The NFL on Monday announced it has rejected the Chiefs’ appeal in the matter of their alleged “tampering” with then-free agent receiver Jeremy Maclin last year.
And at this point the appropriate image is along the lines of John Belushi’s guitar-smashing routine in “Animal House.”
Desired result achieved. Damage done. Better off for it.
Shrug and say sorry.
It’s a shame, of course, that the Chiefs will lose a third-round pick in this year’s draft and a sixth-round pick next year.
They also will be fined $200,000 organizationally, down from $250,000, while coach Andy Reid is out $60,000 instead of the original $75,000 as general manager John Dorsey still loses $25,000.
All for what “Seinfeld” attorney Jackie Chiles would term an “outrageous, egregious, preposterous” ruling because of the model previous record of the Chiefs and the sheer capriciousness of the verdict in the context of past NFL transgressions.
“We appreciate the opportunity to make our appeal on this matter, and we acknowledge the minor reduction in fines imposed,” Chiefs chairman Clark Hunt said in a statement. “However, we continue to believe that the facts of this case combined with the league’s inconsistent enforcement of its tampering policies do not warrant the most severe penalty for player-related tampering in league history.
“Having exhausted our options under the appeal process, we are turning the page on this issue and look forward to continuing our preparations for the 2016 season.”
And they can do that knowing it still was worth it for a player who not only changed the fundamental dynamics of the offense but also imposed his fierce will on those around him as the team last season won its first playoff game in more than two decades.
Before the news broke publicly on Monday, the first day of off-season training, the question was posed to Maclin whether he was worth a third-round pick.
“I hope so,” he said, smiling.
And then some.
So we can stew in the ruling and wonder how the NFL came to its conclusion in the first place — especially with the question of how it accounts for preexisting relationships such as the one Reid and Maclin enjoyed from their years together in Philadelphia.
And we can belabor the point of whether the appeals process was rigged or legitimate.
But in the end, it’s still … advantage, Chiefs.
Yes, breaking the rules is breaking the rules.
Yet, an old line comes to mind: “If the ends don’t justify the means, what does?”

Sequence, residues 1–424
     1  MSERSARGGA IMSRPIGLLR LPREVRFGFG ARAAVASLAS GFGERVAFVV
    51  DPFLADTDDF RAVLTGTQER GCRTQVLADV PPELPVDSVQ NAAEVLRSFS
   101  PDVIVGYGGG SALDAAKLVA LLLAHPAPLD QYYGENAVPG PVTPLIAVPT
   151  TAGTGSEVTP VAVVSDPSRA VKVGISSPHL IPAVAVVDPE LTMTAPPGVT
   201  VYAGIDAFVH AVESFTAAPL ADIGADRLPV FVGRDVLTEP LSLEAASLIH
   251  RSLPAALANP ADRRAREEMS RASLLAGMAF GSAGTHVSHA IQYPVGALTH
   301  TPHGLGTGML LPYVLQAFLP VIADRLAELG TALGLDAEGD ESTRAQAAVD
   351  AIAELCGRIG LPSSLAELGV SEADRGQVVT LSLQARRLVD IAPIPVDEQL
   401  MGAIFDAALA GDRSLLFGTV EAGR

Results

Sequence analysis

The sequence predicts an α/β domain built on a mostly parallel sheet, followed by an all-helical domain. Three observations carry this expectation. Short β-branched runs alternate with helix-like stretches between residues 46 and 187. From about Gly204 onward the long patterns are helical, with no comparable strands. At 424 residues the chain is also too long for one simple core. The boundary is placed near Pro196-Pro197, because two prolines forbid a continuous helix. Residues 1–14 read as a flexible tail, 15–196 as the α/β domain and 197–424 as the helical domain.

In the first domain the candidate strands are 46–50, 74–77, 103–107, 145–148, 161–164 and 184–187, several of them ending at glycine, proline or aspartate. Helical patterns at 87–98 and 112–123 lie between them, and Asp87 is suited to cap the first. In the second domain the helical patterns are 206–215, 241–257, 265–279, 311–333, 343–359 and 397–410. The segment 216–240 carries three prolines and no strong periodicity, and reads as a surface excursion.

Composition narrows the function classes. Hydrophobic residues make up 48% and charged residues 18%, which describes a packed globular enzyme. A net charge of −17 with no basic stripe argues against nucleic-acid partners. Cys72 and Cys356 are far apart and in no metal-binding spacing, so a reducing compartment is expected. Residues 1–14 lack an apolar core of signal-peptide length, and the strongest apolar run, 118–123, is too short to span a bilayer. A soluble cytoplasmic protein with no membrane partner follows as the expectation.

This is mostly about a technicality — direct contact between the Chiefs and Maclin instead of between the Chiefs and his agent — and a rule that has been broken to much less severe punishment in the past.
Only last year, for instance, the Jets were fined a mere $100,000 for owner Woody Johnson’s meddling with cornerback Darrelle Revis when he publicly proclaimed he’d love to have him back.
No wonder Maclin said he was “shocked in a way” when he learned about the initial ruling.
“It’s been a weird situation, but I’m happy where I’m at,” he said. “I wouldn’t change it for the world, and everything else will take care of itself.”
Asked if he understood the specific transgression, Maclin said, “Yeah, but that stays within this building” and later added, “We have to take responsibility for what we do.”
So the exemplary Chiefs are being made an example of, and so be it.
When they signed Maclin to the five-year, $55-million deal, they got a game-breaker who had a career-best 87 receptions for 1,088 yards and eight touchdown catches for a team that had zero TD receptions by a wide receiver the season before.
They got a player who set a tone with his work ethic and feisty blocking and take-no-guff attitude, one who as the current elder of the receiving corps plans to keep showing the youngsters “how to be a true professional.”
He helped them through the playoff victory against Houston before being sidelined because of a fearsome-looking high ankle sprain.
And while the better team won in the Chiefs’ 27-20 loss at New England a week later, who knows how that would have gone if he’d been healthy?
Missing most of that game “hurt me, hurt my spirit,” Maclin said.
But his spirit is a big part of why the Chiefs still can expect to make noise again this season despite a thorny offseason that’s included the retirements of Husain Abdullah and Mike DeVito and the revelation of Justin Houston’s ACL injury.
You might call this another setback, but on balance the Chiefs are infinitely better off for having Maclin — whimsical penalty and all.